What are the Different Types of Credit Repair Programs?

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  • Written By: Malcolm Tatum
  • Edited By: Bronwyn Harris
  • Last Modified Date: 16 February 2020
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Credit repair programs seem to be everywhere today. Advertisements for various programs are seen on television, the Internet and even via media like print publications and radio. Each of these programs make different claims about how to go about managing the process of credit repair, with some of them focusing on debt retirement as a means of improving credit and others promising to provide access to little-known strategies that will clear up bad credit ratings in a jiffy. All types of credit repair programs should be evaluated very closely before making a commitment to any one program.

One of the more common types of credit repair programs are those that include credit counseling and debt negotiations as a means of reducing debt and beginning to repair credit. With these types of programs, the goal is for a mediator to help you develop a workable budget, then negotiate reduced payments with your creditors. Often, the goal is also to stop additional accumulation of interest charges on those accounts, making it possible to retire the debt faster. The down side is that some creditors may not work with the mediator, and some may also report the activity to the credit reporting agencies, adding notes that may not help your credit rating in the short-term. While this approach can and does often allow consumers to retire debt, the positive impact on credit ratings is sometimes questionable.


Another approach to credit repair programs is aimed more at people who have undergone financial distress and managed to pay off old debts, but suffered a loss in credit rating in the interim. Here, the goal of the credit repair program is to clean up any outdated information on the credit reports, plus establish new credit references that are positive. With this type of credit rebuilding program, the consumer may be provided with step-by-step instructions in how to contact credit bureaus and past creditors to update and correct information on credit reports. At the same time, the program helps the consumer to secure a credit card or loan from a high-risk lender. Typically, the credit line on the card is somewhat low, but enough to allow the consumer to make purchases and tender payments that result in positive reports to the credit bureaus. Over time, this type of activity helps to balance the older negative reports and helps the credit rating to begin climbing once more.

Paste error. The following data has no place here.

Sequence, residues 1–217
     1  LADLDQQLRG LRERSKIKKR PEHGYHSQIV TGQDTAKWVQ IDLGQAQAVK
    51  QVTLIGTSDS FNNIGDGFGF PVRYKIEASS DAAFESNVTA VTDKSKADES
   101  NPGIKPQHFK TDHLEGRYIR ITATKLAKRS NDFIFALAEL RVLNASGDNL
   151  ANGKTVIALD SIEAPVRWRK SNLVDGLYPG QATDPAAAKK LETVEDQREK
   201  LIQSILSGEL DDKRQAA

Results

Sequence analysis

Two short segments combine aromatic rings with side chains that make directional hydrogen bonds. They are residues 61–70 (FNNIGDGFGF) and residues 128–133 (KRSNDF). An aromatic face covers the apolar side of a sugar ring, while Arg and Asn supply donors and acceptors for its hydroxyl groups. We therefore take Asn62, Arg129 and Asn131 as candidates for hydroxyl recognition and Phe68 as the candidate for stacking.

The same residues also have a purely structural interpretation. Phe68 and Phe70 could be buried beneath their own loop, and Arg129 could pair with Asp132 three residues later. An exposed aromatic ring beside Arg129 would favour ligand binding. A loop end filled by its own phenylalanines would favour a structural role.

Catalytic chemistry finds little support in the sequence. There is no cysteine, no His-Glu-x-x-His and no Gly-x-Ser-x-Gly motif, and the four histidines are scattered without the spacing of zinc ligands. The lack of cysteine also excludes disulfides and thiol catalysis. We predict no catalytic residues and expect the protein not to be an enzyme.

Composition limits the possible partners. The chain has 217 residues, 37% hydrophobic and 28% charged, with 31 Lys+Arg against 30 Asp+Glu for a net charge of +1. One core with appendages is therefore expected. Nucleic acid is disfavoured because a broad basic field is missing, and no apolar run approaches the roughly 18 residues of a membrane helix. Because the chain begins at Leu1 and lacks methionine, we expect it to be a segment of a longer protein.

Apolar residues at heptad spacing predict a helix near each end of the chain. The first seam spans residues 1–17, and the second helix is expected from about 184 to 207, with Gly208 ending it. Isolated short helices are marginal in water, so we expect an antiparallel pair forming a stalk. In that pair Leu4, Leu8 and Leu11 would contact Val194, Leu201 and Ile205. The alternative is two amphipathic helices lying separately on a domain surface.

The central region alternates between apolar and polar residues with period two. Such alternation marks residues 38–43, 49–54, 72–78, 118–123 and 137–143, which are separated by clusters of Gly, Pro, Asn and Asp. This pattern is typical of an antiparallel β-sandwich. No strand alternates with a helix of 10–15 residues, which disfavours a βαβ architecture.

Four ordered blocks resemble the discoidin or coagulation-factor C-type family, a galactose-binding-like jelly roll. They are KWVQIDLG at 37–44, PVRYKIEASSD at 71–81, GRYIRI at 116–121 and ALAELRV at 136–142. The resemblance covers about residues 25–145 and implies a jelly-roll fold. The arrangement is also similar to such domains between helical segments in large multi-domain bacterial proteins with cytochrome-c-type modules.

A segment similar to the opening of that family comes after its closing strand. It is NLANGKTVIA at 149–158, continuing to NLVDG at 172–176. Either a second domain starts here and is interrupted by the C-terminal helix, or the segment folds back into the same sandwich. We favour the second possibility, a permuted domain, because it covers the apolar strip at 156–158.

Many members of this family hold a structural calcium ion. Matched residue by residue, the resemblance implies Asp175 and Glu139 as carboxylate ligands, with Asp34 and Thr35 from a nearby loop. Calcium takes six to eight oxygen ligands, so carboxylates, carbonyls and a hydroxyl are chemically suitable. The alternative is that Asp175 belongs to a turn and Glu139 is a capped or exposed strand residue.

Many credit repair programs come with different resources that help consumers create a plan of action that is ideal for their needs. Along with access to financial advisors, the program may include real or virtual attendance at some type of credit repair course, access to credit repair software that aids in implementing the overall plan, and even periodic checks to make sure the plan is progressing at an acceptable rate. Truly reputable credit repair programs do not promise results overnight; rather, they make it clear the process of restoring good credit takes time and diligence and seeks to provide consumers with the tools to accomplish the task.

There are advertisements for credit repair programs that promise significant improvements in credit ratings in extremely short periods of time and with very little effort on the part of consumers. Programs of this type should be scrutinized closely and compared with other programs to get an idea of just how valid those claims happen to be. Doing so can help individuals avoid wasting time and money on credit repair programs that do not provide those overnight results, and focus on a program that really does help improve credit in a timely manner.



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